NDCs explicitly mentioning Indigenous Peoples' vulnerability to climate change doubled in the second round of submissions, accounting for 17% (22 out of 130). This round shows a considerable increase in the references to concrete measures that help respond to the vulnerability of Indigenous Peoples, amounting to 27 NDCs, or 21% of the total. However, most of these measures do not refer to concrete participation mechanisms. Amongst the NDCs that do make mechanisms explicit, El Salvador's refers to the creation of methodologies—including FPIC—to ensure the appropriate participation of Indigenous Peoples. There is also an increase in references to the underlying causes of Indigenous Peoples’ climate vulnerability (6 or 5% of 130). For example, Canada’s updated NDC mentions that the ‘compounding and interconnected impacts of climate change, lower socio-economic outcomes, colonial legacies, and disparities in access to clean technologies have had and continue to have an important impact on Indigenous Peoples’ wellbeing.’


The references to Indigenous Peoples in NDCs are increasing in both number and substance. Countries are recognising more specific elements and it is therefore more common for second submissions to have references in more than one category. These increases can be attributed to the significant advocacy of Indigenous Peoples at both the national (Reed et al. 2021) and international scale, including the operationalisation of the Local Communities and Indigenous Peoples Platform under the UNFCCC (Belfer et al. 2019; Shawoo and Thornton 2019). This increase aligns with recent COPs decisions, such as the Glasgow Climate Pact that ‘Emphasizes the important role of indigenous peoples’ and local communities’ culture and knowledge in effective action on climate change and urges Parties to actively involve indigenous peoples and local communities in designing and implementing climate action’ (Decision 1/CP. 26 par. 66, italics in the original). However, this is not enough to support Indigenous Peoples' meaningful inclusion. To contribute to this process, we return to our five-pronged framework of sustainable self-determination and discuss their implication for improving considerations of Indigenous Peoples within NDCs.

Indigenous Peoples as rights-holders

Behind references to colonialism in 49 NDCs, references to Indigenous Peoples as rights-holders are the second most common across the first and second submissions. The second round of submissions saw an increase in the number of references to Indigenous Peoples as rights-holders, reflecting a growing engagement with the Paris Agreement's rights-protections. It was common for submissions to reference Indigenous Peoples and their Nations, followed by references to Indigenous Peoples' rights and international or domestic rights frameworks.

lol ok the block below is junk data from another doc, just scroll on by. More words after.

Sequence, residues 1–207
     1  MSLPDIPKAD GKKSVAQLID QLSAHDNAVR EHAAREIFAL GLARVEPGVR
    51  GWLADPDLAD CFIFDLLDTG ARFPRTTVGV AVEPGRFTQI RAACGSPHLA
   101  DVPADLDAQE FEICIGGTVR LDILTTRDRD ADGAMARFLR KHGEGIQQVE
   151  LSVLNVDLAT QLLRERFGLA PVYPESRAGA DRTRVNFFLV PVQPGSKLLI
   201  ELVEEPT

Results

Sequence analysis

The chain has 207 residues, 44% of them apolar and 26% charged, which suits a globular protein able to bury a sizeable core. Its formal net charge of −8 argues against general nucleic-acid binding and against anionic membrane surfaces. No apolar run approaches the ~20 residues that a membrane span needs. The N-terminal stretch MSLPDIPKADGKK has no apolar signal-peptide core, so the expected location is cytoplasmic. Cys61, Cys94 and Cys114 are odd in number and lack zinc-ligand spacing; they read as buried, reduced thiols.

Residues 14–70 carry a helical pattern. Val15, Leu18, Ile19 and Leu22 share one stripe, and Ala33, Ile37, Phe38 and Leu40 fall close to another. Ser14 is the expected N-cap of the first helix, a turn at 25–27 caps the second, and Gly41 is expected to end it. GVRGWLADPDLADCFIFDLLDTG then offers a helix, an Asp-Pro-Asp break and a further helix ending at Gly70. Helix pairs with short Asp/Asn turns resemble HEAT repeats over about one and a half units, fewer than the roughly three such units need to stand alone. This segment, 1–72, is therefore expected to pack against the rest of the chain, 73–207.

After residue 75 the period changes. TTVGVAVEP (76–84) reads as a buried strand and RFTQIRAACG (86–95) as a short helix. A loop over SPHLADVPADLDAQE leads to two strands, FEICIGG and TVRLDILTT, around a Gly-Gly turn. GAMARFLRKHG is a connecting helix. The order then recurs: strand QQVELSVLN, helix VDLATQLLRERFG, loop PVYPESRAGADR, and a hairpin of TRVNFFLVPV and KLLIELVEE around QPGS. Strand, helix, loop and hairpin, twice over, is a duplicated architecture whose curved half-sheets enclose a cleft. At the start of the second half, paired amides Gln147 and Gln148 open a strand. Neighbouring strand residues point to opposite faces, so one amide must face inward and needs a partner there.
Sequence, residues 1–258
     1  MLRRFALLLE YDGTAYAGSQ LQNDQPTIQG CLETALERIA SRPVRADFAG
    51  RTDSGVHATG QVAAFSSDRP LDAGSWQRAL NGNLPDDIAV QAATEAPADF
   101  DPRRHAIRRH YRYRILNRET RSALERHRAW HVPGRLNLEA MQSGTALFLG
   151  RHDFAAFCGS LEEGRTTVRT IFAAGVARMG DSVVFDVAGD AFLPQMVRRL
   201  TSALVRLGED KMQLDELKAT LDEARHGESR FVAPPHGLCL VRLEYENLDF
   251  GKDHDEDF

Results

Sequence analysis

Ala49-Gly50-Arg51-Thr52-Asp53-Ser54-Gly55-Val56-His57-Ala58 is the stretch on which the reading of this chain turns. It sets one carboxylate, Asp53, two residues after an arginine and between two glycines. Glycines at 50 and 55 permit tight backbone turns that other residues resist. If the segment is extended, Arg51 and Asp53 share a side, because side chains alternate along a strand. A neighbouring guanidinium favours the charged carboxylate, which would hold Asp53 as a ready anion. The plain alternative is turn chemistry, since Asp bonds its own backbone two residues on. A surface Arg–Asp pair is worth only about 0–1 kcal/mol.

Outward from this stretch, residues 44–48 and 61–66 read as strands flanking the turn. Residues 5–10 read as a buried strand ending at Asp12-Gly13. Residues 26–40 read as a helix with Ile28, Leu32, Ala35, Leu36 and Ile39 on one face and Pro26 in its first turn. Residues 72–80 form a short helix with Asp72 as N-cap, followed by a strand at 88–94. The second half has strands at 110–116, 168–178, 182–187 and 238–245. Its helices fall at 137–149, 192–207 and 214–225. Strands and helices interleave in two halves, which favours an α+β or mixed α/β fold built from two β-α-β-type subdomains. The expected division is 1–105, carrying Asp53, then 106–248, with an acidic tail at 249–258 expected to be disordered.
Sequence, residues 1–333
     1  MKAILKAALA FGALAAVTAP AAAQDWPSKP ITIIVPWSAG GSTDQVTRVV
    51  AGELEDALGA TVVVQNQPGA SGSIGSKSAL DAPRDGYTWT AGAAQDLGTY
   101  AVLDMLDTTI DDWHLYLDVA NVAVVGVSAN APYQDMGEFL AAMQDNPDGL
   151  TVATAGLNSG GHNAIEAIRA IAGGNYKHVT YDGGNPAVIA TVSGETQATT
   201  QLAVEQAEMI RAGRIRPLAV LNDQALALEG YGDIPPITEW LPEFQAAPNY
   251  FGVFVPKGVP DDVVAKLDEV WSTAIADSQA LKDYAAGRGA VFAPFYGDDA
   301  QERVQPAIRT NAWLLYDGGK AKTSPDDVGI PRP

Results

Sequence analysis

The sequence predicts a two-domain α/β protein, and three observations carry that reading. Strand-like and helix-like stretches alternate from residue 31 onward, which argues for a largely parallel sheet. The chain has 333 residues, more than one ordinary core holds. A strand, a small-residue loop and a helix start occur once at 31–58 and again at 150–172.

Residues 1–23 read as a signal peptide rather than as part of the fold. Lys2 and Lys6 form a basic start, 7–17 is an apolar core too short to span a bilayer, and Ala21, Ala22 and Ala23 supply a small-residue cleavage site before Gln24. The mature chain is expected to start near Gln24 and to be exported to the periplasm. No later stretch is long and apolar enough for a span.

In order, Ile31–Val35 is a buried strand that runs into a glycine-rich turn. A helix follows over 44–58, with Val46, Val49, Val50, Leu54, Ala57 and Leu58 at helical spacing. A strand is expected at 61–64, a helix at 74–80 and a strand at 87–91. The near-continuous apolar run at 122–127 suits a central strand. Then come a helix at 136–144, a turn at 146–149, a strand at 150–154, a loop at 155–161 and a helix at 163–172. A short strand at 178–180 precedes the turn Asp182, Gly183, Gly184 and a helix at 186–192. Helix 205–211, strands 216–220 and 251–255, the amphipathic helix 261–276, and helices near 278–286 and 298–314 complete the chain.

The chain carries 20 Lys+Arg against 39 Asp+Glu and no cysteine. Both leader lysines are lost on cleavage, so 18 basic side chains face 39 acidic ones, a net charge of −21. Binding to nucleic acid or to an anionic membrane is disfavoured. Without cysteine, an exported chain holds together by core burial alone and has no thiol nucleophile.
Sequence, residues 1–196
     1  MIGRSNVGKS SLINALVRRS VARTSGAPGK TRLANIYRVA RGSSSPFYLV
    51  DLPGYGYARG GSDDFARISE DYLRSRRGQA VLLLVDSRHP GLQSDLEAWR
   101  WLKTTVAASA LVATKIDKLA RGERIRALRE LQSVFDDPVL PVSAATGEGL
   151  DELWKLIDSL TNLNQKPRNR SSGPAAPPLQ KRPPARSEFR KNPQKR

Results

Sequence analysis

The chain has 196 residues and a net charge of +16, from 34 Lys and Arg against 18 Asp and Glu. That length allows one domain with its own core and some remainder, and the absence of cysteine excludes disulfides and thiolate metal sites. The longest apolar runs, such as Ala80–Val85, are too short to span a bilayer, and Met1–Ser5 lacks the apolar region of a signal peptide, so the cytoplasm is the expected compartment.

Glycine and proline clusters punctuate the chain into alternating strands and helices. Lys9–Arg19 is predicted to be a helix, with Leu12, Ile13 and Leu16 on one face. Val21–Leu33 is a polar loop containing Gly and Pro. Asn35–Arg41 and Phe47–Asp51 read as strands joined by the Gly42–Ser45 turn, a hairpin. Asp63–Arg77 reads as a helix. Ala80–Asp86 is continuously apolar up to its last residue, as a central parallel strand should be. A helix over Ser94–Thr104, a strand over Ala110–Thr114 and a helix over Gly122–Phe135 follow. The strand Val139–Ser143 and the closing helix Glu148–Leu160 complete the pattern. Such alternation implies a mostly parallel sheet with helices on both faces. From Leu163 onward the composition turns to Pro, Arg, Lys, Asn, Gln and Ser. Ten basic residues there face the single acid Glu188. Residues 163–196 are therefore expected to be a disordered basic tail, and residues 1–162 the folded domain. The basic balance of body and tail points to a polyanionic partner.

In both rounds, high levels of recognition of rights tend to be associated with greater recognition of Indigenous Peoples' contributions—through higher promotion of participation and recognition of Indigenous knowledge. Nevertheless, mainstreaming a rights-based approach remains marginal in the broader context of NDC implementation, as 17 mention the Indigenous population without mentioning their rights, and 20 expressly recognise them—either by directly declaring it or referring to an instrument that protects them. For instance, Guyana and Costa Rica refer to FPIC in the context of Reducing Emissions from Deforestation and Forest Degradation (REDD +) projects.

This gap can be attributed to the continued reluctance of states to acknowledge and uphold the rights of Indigenous Peoples (IACHR and IWGIA 2021), despite this recognition being a prerequisite for climate action, especially when it is implemented in their territories. Furthermore, many Parties that refer to Indigenous Peoples in their NDCs face conflicts over the demarcation and administration of territory that hinder collaboration (Townsend et al. 2020). Amongst these conflicts, we can highlight the appropriation of Indigenous land, waters, and territories and the imposition of projects that constrain Indigenous Peoples' ways of life and right to their own development in the name of climate action (Loaiza et al. 2017; Ulloa 2017). For example, in the Andes (Chile, Argentina, Bolivia), most lithium concessions overlap with Indigenous territories facing water scarcity, pollution and biodiversity loss (Voskoboynik and Andreucci 2022). In Norway, the Saami People are demanding the removal of wind farms installed in their territory without their consent.Footnote 7